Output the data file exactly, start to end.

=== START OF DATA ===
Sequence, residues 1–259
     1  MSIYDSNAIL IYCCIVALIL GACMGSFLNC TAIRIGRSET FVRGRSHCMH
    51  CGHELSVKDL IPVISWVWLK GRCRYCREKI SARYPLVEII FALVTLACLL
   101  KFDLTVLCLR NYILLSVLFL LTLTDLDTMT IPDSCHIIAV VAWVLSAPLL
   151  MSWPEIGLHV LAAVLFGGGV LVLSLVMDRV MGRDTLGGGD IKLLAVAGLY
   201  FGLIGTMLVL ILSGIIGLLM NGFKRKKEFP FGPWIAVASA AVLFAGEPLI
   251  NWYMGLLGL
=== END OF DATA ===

Sequence, residues 1–259
     1  MSIYDSNAIL IYCCIVALIL GACMGSFLNC TAIRIGRSET FVRGRSHCMH
    51  CGHELSVKDL IPVISWVWLK GRCRYCREKI SARYPLVEII FALVTLACLL
   101  KFDLTVLCLR NYILLSVLFL LTLTDLDTMT IPDSCHIIAV VAWVLSAPLL
   151  MSWPEIGLHV LAAVLFGGGV LVLSLVMDRV MGRDTLGGGD IKLLAVAGLY
   201  FGLIGTMLVL ILSGIIGLLM NGFKRKKEFP FGPWIAVASA AVLFAGEPLI
   251  NWYMGLLGL